Injury averted and a rabbit saved from a grisly fate, McEwen headed to the Tour de France – not having won a stage there since his first in 1999. “People were talking about me as a favourite for stages and it was fuel on the fire,” he says. The first stage he was third, the following second, and then finally on stage three he triumphed. “Three, two, one – that was more like it,” he reflects. “My goal of the entire season was to win another stage of the Tour. Everything was going perfectly so I had to.”

Consistent high placings locked McEwen in a battle for the maillot verde with Erik Zabel – a welcome accident. “I didn’t see myself as a major contender for green,” he says. Zabel had won the previous six – a record only since surpassed by Peter Sagan. “But it just happened. The first half of the Tour became a battle with Zabel. He got me interested in it because he was racing against me, treating me as a direct threat. And I thought, ‘well, yeah, I am actually’. Then I raced for it.”

Except for one stage in between, Zabel wore green from stage one to stage 13, and then McEwen nudged in front. “I said to the team I wanted to go for the first intermediate sprint only. With the yellow, you can relax most of the day but with green it’s the exact opposite as there are so many vital moments.” The tension was palpable. Vierhouten went home with an illness but remained McEwen’s closest tactical and personal ally. “I was really analysing it from home and one night I called Robbie and said: ‘That f****r Zabel is really aiming for it.’ I was sort of like his coach from outside.” The team that remained “were looking after me like I was their child,” McEwen remembers.

The duo remained locked on the same number of points in the final week. “We were shadowing each other. There was a lot of stress. It probably cost me a stage or two because I became cagey and didn’t want to make mistakes and lose a bunch of points.” On stage 18, McEwen moved onto 239, to Zabel’s 238. And then in Paris, wearing green, he won on the Champs-Élysées securing the jersey. “It’s the biggest milestone of my career. Ask any sprinter, wearing green in Paris is what they most want to do. But the overwhelming emotion was one of relief that it was over. I was empty.”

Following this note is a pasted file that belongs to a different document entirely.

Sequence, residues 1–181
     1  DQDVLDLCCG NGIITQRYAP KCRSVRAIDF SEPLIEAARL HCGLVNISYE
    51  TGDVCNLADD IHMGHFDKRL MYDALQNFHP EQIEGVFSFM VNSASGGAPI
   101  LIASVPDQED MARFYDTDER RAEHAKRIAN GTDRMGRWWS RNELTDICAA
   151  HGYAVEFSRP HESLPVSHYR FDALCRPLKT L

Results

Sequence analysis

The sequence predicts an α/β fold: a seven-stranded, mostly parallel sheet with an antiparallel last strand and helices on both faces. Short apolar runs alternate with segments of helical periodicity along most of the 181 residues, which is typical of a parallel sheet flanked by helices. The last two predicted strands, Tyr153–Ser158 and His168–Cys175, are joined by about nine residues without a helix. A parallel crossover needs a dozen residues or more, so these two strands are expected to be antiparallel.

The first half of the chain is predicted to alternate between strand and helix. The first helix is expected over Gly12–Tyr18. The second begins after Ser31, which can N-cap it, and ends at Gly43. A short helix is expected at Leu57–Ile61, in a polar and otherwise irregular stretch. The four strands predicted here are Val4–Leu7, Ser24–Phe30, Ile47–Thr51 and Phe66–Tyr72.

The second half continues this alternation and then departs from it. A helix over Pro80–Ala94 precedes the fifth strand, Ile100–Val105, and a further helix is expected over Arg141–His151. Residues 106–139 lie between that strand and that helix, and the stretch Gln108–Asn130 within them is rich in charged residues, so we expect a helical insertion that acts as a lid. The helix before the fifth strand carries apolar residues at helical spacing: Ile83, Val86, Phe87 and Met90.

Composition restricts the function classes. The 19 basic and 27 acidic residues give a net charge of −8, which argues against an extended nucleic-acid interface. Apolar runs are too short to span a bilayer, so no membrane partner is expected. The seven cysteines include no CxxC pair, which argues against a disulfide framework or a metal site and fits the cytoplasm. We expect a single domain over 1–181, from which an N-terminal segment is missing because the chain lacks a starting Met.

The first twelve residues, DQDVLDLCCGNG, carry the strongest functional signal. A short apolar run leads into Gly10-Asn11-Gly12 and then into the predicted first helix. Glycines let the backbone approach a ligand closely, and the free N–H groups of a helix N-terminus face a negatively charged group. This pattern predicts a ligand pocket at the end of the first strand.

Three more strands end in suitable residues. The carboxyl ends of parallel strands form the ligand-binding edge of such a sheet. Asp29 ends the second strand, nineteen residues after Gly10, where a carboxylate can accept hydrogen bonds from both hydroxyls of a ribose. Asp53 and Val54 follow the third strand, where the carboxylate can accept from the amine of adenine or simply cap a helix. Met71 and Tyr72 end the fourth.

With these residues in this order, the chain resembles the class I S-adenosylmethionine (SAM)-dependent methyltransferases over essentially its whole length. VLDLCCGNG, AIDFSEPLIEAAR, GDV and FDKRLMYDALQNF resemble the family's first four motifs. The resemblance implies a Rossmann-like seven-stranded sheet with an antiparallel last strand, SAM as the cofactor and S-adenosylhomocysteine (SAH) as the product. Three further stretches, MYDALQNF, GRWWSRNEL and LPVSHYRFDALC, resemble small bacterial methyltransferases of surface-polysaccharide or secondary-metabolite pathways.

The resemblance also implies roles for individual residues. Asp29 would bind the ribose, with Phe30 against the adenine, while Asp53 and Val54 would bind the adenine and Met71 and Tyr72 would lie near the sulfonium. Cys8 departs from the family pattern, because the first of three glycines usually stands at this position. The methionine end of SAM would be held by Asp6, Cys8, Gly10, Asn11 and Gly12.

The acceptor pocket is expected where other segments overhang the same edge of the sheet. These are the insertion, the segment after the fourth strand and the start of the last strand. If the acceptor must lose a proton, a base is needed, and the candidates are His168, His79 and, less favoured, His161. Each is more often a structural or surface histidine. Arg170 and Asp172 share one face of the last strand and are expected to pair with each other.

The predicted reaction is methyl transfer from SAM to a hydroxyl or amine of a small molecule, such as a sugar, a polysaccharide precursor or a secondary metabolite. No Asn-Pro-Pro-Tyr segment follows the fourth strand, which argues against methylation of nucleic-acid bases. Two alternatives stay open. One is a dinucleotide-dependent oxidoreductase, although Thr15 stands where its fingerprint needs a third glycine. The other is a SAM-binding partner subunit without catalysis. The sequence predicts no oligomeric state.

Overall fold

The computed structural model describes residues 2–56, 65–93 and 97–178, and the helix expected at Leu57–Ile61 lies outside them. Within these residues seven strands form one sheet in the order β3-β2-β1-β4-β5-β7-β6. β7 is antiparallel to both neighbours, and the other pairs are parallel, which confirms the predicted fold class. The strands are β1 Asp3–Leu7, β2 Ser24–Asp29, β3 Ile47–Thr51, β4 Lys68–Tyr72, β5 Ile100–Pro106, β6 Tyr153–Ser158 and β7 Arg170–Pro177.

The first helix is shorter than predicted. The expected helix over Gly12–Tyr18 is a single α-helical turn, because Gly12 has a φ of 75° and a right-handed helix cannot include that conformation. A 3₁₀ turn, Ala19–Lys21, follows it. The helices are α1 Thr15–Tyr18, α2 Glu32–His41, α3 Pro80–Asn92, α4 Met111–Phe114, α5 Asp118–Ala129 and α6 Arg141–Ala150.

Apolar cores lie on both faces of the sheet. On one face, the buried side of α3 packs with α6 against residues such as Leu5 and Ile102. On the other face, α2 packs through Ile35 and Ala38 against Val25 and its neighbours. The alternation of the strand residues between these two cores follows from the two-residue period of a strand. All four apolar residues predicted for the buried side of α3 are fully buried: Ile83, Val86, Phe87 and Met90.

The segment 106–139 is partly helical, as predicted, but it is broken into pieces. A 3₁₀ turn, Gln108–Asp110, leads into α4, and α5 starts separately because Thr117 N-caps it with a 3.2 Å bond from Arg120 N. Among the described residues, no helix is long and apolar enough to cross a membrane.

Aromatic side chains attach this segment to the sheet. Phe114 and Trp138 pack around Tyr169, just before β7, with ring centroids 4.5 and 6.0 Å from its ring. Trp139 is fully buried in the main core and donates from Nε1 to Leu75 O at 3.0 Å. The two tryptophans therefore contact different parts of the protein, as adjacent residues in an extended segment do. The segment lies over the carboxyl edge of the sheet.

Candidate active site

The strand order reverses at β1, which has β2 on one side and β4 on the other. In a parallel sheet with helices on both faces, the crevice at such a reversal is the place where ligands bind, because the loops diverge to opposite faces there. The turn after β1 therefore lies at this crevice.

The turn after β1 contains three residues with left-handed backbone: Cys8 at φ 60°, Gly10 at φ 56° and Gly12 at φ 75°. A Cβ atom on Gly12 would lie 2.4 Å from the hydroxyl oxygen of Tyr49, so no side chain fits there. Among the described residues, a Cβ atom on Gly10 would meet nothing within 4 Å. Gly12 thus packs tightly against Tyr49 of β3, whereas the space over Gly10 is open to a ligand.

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It was an especially poignant victory for Sercu. “My dad, Patrick, had won green and he was in Paris to see Robbie win it so it was extra special for me. Winning in Paris and taking the green jersey is the biggest of achievements. We’d hoped that Robbie would be good, and I can’t say I was surprised by his performances, but it was more than we expected.” McEwen shares the sentiment. “I was pinching myself,” he says. “I didn’t think it would be so successful. ‘Wow, this really couldn’t get any better.’”

After taking a self-prescribed break in August, McEwen returned in September with a renewed appetite. He won five times in seven days, including the GC at the Circuit Franco-Belge and a first Paris-Bruxelles – an iconic race he would eventually win five times.  “It became my race; the race I should win,” he says.

His form was unquestionable ahead of the World Championships in Zolder, where he, Cipollini and Zabel shared the favourite tag. McEwen and Zabel, however, defeated themselves. “Our Tour battle resumed and our race was over when we found ourselves fighting each other for Cipo’s wheel. We were pushing and shoving, and we used a heap of energy against each other. I tried to do something, but I had ridden my race against Erik.” McEwen had to settle for a silver medal. “I’m proud of it, but the Worlds is the only thing missing from my palmarès.”

Maybe so, but his career record of 119 triumphs makes him as the 20th most winningest rider in the sport’s history to this day. 2002 was a year that brought a win, on average, every 4.5 race days. “It’s my best year. I had so many firsts: my first win at the Giro, first time winning ahead of Cipo, my first green jersey, my first stage at the Tour as a sprinter – but also the first time I was competitive in so many races. It was a breakout season that gave me so much confidence. When you’re in that form, you get into a mindset where winning feels so obvious. ‘Well, of course I won.’ I felt so confident, everything was going as I wanted. I felt ahead of the game.” He’d remain ahead of the game for the next five years.

This feature originally appeared in the print edition of Cycling Weekly, on sale in newsagents and supermarkets, priced £3.25.